Get Hard

This film is scurrilous, demeaning and socially condemnable. But who can condemn that when it has a few funny moments?

Get HardIt was bad enough that I invited humiliation by going to see the regrettable Get Hard at the AMC theater at Trader’s Point here in Indianapolis, but then I read that the establishment had been treated a day earlier for an infestation of bed bugs. Quite honestly, being bitten by those insects would have been preferable to watching this atrocious mess.

At times both homophobic and racist, the occasional humor becomes completely meaningless. Quite frankly, the only thing that surprised me was that the film wasn’t backed by Indiana politicians who supported the equally homophobic legislation known in Indiana as RFRA.

In the film itself, Will Ferrell plays a mindless Ivy League graduate who is making a fortune selling stocks and bonds. He is marrying the daughter (Alison Brie) of the head of the company (Craig T. Nelson), and he somehow has traveled through life without developing basic social skills. Wait until you see how he dances naked in front of his Hispanic gardeners and you will know what I mean.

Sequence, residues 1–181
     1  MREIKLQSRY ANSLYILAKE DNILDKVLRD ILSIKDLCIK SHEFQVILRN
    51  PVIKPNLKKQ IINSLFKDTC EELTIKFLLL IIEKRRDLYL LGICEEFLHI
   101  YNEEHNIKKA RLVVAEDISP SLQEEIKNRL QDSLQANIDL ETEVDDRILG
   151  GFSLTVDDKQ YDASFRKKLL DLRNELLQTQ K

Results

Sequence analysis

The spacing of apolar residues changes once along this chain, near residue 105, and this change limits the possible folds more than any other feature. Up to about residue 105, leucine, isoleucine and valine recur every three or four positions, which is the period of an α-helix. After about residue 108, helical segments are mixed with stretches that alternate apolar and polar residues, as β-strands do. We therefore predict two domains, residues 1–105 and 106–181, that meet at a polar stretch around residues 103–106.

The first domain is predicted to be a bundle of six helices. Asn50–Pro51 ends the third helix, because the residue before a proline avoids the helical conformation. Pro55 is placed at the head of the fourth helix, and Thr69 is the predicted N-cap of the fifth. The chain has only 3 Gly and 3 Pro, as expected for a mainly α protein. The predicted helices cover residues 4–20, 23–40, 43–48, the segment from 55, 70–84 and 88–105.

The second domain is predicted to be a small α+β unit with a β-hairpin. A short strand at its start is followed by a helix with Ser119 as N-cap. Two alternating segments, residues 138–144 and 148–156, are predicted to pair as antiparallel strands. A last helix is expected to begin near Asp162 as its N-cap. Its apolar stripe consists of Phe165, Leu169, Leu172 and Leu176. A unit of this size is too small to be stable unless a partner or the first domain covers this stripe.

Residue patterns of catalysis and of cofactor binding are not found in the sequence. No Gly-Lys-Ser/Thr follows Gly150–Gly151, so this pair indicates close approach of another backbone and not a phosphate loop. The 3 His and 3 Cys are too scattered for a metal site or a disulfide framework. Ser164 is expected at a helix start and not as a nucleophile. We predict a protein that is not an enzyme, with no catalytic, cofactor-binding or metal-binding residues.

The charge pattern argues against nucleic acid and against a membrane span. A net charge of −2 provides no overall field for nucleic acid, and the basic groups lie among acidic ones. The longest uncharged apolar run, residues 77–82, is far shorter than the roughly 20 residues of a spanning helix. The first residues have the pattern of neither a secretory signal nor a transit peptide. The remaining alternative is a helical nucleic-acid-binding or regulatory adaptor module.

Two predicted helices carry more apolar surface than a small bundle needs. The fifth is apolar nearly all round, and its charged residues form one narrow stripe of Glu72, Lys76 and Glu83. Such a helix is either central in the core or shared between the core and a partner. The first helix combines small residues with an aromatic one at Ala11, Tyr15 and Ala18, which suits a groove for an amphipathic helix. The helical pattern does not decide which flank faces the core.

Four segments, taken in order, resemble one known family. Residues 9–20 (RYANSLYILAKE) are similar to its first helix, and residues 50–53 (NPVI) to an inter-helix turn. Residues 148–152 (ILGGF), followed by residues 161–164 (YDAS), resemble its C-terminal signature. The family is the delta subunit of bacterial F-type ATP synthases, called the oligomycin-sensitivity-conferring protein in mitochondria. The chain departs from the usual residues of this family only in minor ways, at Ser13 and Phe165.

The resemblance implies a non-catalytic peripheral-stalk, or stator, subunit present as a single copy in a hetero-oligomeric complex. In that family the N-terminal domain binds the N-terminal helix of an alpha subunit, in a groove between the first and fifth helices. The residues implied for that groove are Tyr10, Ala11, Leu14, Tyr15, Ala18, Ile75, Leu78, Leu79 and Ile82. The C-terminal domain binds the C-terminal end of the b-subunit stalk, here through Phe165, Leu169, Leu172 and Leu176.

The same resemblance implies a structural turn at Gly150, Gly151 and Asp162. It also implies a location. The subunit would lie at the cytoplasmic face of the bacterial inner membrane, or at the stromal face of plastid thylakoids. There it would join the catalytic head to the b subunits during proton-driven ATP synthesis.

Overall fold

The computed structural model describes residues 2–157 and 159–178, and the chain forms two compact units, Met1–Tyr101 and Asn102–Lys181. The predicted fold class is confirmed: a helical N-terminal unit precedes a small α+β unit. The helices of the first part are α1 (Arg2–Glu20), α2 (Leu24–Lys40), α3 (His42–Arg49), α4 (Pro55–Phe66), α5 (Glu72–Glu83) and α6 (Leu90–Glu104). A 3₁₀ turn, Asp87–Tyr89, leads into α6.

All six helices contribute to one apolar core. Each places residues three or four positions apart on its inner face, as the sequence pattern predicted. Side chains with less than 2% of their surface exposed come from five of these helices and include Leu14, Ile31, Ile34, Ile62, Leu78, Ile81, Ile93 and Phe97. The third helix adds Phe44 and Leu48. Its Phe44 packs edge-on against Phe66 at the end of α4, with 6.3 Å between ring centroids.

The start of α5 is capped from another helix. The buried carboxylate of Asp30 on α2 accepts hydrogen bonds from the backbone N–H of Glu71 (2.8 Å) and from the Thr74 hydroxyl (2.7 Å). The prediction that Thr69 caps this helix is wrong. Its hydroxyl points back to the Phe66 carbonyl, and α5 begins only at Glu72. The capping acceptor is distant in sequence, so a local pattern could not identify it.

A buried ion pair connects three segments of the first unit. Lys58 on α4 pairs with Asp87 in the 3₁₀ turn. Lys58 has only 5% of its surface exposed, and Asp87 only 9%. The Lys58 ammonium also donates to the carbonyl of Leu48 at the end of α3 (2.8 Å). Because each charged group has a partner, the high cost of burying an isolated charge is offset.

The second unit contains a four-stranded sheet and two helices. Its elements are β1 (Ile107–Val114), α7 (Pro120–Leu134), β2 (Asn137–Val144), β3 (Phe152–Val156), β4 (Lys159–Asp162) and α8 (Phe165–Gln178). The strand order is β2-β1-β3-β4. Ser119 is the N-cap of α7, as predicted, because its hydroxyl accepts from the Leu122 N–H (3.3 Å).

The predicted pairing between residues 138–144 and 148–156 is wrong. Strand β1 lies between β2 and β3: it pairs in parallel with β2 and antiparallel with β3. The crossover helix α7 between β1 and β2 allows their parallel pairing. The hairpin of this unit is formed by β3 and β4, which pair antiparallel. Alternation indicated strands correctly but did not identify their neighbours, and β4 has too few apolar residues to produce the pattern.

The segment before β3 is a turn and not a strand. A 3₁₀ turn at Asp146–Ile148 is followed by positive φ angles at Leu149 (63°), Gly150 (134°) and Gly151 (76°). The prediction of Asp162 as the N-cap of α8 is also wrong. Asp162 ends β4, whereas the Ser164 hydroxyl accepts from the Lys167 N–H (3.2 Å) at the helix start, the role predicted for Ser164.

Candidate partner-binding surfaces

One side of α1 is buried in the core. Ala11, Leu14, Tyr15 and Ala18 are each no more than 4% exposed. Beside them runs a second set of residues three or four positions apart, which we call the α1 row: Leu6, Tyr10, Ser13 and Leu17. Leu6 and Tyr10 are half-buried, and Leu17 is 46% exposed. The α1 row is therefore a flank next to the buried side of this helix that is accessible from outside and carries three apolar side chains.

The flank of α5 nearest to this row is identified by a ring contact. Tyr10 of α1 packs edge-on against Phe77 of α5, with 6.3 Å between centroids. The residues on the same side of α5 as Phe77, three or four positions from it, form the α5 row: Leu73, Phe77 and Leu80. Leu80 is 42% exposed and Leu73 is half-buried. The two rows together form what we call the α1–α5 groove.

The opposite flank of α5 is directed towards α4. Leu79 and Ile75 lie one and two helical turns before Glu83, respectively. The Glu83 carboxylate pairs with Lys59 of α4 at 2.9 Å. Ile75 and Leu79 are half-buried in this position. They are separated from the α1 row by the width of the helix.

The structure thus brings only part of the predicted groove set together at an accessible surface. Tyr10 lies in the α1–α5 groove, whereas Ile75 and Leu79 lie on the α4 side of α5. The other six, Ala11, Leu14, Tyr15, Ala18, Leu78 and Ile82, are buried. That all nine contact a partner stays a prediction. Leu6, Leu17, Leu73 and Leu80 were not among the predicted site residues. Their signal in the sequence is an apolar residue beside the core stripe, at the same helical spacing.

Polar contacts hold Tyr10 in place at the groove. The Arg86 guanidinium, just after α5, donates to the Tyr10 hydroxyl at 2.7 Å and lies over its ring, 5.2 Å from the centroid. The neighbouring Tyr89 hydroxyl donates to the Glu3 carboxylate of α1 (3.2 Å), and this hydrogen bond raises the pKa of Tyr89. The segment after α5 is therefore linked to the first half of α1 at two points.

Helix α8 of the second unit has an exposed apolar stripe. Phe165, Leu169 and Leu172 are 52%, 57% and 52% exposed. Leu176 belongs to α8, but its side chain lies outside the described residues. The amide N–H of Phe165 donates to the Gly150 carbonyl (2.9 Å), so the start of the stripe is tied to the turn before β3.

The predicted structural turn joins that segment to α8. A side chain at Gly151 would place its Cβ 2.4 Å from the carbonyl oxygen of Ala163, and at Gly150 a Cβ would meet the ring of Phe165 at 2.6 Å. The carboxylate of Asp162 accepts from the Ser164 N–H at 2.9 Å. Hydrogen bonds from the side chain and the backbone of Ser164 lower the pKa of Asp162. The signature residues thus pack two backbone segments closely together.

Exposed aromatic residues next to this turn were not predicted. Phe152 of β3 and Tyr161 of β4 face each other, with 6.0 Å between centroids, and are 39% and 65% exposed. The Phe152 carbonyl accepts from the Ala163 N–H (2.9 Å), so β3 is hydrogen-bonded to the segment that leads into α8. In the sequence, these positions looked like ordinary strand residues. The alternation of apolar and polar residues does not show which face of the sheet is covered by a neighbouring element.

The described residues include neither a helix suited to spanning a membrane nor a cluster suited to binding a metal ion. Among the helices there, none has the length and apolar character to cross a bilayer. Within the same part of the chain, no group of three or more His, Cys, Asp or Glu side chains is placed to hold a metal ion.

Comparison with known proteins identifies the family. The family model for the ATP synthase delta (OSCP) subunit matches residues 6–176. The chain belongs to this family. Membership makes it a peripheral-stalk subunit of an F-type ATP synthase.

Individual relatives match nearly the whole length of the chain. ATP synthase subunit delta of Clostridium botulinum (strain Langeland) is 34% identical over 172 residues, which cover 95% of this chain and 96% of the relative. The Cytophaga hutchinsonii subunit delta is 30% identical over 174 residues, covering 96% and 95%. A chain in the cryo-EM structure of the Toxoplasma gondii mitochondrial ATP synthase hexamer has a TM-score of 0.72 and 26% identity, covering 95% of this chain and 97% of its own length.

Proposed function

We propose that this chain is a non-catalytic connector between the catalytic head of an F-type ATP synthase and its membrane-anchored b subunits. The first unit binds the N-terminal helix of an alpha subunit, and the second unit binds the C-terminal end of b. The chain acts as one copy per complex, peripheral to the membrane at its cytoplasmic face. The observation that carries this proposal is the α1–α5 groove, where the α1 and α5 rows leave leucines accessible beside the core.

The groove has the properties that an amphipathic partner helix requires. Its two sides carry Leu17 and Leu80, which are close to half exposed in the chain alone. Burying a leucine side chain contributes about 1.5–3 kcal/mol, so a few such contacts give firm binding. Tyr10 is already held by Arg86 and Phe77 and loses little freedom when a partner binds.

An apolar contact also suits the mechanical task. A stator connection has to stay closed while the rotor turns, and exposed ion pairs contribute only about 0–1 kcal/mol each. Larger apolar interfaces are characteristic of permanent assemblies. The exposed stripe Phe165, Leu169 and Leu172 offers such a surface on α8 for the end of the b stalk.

After he is falsely tried and convicted of securities fraud, he is given 30 days to report to San Quentin. Fearing that he is going to be beaten and sexually abused, he hires the black owner (Kevin Hart) of a small car wash in order to be properly trained to defend himself. After all, since all blacks must have prison records, who was in a better position to give him good advice?

The entire film covers the short time span where Hart is expected to embrace every ethnic caricature to turn Mr. Ferrell into a modern-day Mohammad Ali. Unfortunately, Hart is a married, middle class guy with absolutely no criminal history, so he is left in a position where his ignorance is designed to become Ferrell’s bliss.

Nothing works in this film from beginning to end, and you are treated to a series of scenes where Ferrell is introduced to both a black street gang and a group of white bigoted motorcyclists that accuse him of having “Jew hair” while encouraging him not to “hang out with niggers and spics”.  Where were the bed bugs?

This movie is not just blatantly awful, but profoundly offensive. Mr. Ferrell makes you forget his contributions to really good movies like Talladega Nights: The Ballad of Ricky Bobby (2006) and The Campaign (2012) while recalling his many regrettable films like Step Brothers (2008), Land of the Lost (2009) and Anchorman 1 and 2 (2004 and 2013).

As for Mr. Hart, he can be a genuinely funny man, but he is exhausting himself by appearing in nine films since 2013. His repeated portrayals of the same character are becoming difficult to tolerate, and he needs to quickly pay attention to small roles that exploit his talent as seen in Chris Rock’s Top Five. He stands on the edge of quickly following Eddie Murphy into oblivion, and that is an observation he should not ignore.